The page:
It started with its chlorpyrifos ruling, essentially directing EPA to cancel registration of the active. The dicamba ruling went a step further by vacating the registration, an unprecedented move put the agency into uncharted territory. EPA pushed back enough to ensure farmers could get through the 2020 crop season, but the court’s maneuver was a huge wake-up call to the industry.
“Our friends at Cotton Inc. released a study demonstrating that the impact of losing dicamba would cost farmers $400 million,” says Novak. “It did not reach that level because the EPA was willing to step in, but the potential for significant damage to farmers was real.”
The subsequent ruling from the Ninth Circuit on Enlist Duo demonstrated much more deference to the agency. “The court acknowledged EPA’s evaluation of the science,” says Novak “They did find a question they felt EPA has not adequately addressed and asked them to go back and look at it. That is really a proper outcome. When you ignore the regulators like they did with dicamba, it places farmers in a difficult position, and they were not willing to acknowledge the financial consequences for farmers.”
As far as public communication, CropLife America is working on effective messaging, and harnessing the power of young employees at member companies and encouraging them to champion the benefits of pesticides in regard to the positive impact on health, safety, and the environment.
“As I was thinking about what my message is to pesticide company employees that may face tough questions at a family barbeque, there are a handful of points that can be communicated with a message that anyone can understand,” says Novak. “We reduce greenhouse gas emissions, improve water quality, and protect wildlife habitat through the proper implementation of pesticide products. We improve food safety. We protect homes and properties. And we protect people’s lives and health. So much of the negative is reported in the media … we must actively tell our positive story.”
Many CropLife America member companies are establishing and accelerating efforts that clearly demonstrate their individual approaches to sustainability. Each company has an important story to tell, and to better centralize those stories and messages Novak elevated Tristin Ralph from the CropLife America communications team to Manager of Sustainability.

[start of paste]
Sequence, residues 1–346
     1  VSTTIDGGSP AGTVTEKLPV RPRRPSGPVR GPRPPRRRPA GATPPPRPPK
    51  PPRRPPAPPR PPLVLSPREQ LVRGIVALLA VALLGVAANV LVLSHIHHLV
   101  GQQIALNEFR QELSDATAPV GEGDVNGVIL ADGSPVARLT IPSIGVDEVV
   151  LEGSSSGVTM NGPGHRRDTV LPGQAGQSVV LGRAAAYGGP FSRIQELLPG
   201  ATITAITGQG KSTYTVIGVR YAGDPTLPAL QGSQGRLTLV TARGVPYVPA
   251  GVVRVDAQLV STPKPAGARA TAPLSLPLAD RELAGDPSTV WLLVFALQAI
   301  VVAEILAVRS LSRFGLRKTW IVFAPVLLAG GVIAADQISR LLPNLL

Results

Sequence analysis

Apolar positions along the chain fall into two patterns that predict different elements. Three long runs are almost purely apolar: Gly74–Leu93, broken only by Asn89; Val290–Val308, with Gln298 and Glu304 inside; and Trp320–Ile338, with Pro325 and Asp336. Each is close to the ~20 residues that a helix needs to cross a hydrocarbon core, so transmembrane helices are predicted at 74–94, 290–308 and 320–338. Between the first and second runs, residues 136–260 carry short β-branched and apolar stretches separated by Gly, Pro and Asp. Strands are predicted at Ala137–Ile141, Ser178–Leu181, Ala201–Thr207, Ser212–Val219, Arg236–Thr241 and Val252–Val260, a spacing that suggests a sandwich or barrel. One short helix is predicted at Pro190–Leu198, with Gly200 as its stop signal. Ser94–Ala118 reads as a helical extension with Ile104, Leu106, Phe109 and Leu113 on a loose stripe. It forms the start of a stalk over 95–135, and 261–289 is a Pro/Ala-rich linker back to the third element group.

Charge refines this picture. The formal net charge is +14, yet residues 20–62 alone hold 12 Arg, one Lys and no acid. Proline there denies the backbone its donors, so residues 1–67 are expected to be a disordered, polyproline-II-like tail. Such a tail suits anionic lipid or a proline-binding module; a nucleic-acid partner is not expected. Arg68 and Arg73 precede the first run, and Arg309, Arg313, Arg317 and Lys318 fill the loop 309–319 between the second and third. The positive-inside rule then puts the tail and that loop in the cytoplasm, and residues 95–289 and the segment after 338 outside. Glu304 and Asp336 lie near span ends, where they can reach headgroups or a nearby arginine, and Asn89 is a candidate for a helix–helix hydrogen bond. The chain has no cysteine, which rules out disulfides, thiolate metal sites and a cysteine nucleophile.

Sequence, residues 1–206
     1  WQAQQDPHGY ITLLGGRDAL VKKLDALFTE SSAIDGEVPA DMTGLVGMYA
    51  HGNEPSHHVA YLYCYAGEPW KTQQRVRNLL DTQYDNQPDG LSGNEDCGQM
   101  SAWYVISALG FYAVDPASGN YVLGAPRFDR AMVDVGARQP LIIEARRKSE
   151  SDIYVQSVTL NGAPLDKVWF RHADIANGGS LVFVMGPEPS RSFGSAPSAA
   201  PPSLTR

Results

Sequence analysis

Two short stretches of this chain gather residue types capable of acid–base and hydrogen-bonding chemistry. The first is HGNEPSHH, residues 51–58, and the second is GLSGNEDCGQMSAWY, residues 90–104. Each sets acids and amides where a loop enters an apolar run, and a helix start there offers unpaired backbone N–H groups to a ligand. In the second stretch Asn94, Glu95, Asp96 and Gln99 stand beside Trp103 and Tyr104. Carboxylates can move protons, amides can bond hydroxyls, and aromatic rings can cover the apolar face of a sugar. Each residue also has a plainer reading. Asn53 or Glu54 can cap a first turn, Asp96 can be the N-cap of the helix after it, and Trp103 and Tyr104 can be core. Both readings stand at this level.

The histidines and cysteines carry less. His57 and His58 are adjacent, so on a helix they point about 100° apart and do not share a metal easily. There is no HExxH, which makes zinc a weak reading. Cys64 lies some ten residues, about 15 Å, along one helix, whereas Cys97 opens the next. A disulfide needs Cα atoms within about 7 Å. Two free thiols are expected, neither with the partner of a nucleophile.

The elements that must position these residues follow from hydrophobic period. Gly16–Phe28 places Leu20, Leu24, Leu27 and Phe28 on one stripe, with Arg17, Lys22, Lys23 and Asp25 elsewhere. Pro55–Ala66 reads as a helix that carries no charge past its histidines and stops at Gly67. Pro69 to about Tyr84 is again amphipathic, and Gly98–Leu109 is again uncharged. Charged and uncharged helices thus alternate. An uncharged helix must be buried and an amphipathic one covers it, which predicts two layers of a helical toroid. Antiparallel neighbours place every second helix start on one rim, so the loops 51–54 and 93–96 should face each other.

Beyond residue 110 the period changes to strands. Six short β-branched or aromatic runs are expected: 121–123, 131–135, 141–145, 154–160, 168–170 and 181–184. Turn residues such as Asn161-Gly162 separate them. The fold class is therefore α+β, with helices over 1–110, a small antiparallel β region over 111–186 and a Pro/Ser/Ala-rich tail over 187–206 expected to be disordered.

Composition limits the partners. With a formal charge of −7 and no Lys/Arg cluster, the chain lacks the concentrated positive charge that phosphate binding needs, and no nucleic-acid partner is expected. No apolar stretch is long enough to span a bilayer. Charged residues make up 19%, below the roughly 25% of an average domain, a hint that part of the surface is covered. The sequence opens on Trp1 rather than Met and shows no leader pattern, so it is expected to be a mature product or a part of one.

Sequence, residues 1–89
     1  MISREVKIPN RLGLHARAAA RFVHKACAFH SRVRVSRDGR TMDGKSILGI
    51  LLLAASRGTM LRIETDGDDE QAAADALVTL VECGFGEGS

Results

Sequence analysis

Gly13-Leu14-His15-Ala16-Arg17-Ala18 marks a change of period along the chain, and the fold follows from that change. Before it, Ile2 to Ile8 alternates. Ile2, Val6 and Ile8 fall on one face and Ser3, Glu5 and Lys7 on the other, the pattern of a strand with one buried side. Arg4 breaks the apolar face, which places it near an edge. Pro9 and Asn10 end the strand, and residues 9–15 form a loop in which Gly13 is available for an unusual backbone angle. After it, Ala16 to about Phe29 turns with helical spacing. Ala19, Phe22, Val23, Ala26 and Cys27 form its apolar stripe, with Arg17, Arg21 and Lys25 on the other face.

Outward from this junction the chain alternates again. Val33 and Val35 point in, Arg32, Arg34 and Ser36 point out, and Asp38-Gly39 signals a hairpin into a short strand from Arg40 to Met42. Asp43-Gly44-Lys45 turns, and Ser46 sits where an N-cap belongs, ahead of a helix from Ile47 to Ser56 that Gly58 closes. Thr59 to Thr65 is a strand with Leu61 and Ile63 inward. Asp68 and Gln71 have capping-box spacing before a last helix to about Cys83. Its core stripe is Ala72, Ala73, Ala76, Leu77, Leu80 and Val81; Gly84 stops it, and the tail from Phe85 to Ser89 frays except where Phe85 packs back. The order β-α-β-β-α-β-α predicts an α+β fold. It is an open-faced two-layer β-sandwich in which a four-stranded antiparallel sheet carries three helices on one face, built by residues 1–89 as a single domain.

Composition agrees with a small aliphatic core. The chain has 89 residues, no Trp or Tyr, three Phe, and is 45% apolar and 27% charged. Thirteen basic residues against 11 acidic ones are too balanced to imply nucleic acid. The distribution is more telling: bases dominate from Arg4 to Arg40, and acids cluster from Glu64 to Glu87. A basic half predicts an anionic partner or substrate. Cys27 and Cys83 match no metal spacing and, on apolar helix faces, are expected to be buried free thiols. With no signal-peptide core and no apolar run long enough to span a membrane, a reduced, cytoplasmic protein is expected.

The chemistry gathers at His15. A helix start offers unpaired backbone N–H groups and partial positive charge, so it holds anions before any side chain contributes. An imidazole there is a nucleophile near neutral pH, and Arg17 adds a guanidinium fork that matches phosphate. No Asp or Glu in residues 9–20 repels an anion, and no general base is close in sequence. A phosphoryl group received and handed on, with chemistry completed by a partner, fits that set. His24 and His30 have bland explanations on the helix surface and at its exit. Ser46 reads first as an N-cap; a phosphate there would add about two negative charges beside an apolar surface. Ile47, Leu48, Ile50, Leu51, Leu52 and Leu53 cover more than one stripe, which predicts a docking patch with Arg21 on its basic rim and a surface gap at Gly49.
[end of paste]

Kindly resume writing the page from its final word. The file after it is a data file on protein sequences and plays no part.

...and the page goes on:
“We’re pleased we have someone now working full time on this key aspect of our strategic plan,” says Novak. “He’s reaching out to companies to find out more about what members are doing and how we can be a part of sharing those stories.” From reducing carbon emissions to creating habitats for monarchs and pollinators, members are doing some tremendous work, he adds.
“Our first goal once we have messages in place is to reach out to political decision makers, but we know we also need to reach out to the food chain and key business leaders.”
Member efforts have largely coalesced around the United Nations’ 17 different sustainability goals, and CropLife America is keenly focused on those most directed at agriculture: reducing food waste, soil health, hunger, and nutrition.
Product stewardship was and continues to be an important aspect of the sustainability story as well. Applying pesticides in a more targeted manner, championing precision agriculture technology to make pest identification and treatment more accurate, and developing new chemistries that are more targeted and less persistent without losing efficacy are also key member areas of focus. Says Novak, “Sustainability will be a significant issue in 2021, and we have a great story to tell.”
This is indeed an “interesting” time for the pesticide industry, and Novak believes CropLife America is ready take on the big challenges ahead.